The Supreme Judicial Court ruled today a Cambridge woman can face criminal charges for dancing nude in Harvard Square even if she was trying to exercise her First Amendment rights, in this case to protest the commercialization of Christmas, because of a state law banning nudity that "shocks and alarms" people.
Ria Ora was arrested on June 25 (the anti-Christmas?), 2005 on charges of "open and gross lewdness."
A lower court had ruled the arrest unconstitutional. In its decision, the Supreme Judicial Court agreed that people do have a right to take all their clothes down, but only if their displays are not "imposed upon an unsuspecting or unwilling audience" (so strip clubs are OK).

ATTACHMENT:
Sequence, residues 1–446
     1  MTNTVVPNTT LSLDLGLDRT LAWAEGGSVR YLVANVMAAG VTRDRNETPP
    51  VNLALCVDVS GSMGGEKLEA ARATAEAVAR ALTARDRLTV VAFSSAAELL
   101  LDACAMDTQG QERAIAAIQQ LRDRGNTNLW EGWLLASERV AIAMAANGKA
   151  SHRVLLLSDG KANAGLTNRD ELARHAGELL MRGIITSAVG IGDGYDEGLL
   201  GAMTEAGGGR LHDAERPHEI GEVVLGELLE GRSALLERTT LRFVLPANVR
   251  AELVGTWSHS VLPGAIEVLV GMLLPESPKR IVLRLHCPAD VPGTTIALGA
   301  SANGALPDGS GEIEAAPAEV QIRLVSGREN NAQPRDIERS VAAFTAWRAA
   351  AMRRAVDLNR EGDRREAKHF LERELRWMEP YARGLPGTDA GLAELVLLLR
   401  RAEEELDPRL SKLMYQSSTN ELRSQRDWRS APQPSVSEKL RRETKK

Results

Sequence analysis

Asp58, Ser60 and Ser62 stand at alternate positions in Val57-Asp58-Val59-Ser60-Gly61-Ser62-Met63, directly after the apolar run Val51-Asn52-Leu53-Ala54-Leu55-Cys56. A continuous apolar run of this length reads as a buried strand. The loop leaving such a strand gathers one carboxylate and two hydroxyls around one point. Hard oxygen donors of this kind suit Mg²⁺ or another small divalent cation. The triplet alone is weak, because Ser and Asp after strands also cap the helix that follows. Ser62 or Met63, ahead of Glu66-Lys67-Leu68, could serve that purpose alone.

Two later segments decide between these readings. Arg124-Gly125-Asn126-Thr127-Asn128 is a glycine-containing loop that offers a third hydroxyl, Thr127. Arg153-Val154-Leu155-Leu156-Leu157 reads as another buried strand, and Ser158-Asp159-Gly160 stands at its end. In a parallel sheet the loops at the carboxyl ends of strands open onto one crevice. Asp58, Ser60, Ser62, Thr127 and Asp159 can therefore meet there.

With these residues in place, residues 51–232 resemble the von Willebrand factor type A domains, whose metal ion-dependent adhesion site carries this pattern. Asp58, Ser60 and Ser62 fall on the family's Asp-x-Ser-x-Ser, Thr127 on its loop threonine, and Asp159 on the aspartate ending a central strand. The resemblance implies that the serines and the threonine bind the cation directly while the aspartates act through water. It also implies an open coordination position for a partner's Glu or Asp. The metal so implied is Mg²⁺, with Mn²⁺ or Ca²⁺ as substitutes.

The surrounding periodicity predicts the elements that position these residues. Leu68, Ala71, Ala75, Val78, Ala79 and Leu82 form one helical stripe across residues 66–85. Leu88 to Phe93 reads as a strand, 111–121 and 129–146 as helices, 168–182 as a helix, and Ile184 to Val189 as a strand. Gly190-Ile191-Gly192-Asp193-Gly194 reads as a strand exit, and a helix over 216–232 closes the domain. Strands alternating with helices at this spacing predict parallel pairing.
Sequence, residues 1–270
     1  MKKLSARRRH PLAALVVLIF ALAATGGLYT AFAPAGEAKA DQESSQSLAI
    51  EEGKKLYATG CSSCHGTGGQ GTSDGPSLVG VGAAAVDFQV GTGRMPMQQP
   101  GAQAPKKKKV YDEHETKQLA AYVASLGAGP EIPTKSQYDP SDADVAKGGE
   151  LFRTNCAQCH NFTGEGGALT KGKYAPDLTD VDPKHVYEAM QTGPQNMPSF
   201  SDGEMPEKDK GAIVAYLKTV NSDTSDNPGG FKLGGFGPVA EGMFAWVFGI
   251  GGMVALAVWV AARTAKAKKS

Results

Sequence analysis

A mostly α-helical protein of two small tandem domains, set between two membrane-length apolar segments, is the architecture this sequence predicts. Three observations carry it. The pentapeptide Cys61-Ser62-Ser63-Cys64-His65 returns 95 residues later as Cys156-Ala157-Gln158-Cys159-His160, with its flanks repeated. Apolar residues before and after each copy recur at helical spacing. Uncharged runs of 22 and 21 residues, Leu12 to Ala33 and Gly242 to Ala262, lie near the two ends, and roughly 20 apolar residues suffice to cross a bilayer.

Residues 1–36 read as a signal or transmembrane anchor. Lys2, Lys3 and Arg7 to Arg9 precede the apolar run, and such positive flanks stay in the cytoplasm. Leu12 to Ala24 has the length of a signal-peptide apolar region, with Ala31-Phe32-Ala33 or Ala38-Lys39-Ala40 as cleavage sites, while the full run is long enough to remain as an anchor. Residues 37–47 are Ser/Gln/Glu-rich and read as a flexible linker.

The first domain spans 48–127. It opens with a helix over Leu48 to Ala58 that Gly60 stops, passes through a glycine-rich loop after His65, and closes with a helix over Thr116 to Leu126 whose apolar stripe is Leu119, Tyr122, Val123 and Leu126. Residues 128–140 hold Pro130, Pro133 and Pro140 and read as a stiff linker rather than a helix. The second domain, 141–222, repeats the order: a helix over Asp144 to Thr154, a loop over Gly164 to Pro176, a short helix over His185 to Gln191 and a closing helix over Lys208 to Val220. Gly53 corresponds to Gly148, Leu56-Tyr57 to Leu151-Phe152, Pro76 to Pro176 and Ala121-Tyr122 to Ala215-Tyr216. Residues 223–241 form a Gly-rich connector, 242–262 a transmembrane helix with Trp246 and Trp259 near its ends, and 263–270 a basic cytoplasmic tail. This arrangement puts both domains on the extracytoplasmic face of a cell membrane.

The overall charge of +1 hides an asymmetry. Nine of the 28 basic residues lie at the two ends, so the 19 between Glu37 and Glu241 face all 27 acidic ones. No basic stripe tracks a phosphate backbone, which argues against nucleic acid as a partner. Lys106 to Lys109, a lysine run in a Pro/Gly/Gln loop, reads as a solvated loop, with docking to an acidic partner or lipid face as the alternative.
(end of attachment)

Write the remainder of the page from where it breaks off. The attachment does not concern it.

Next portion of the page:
In the court's hearing on the case, the state argued that employees of the kiosk in Harvard Square expressed "shock and alarm" when they called police to report the woman (must've been new employees; who knew there was anything shocking left for Harvard Square?). And when justices asked how Ora's anti-Christmas protest was different from Lady Godiva's political ride, the assistant attorney general arguing the case said the difference was that everybody in the town knew Lady Godiva would be taking her ride and everybody averted their eyes except for that one Peeping Tom.
Watch the oral arguments in the case (requires Windows Media Player, but worth it if only to hear the highest court in the state discussing Lady Godiva).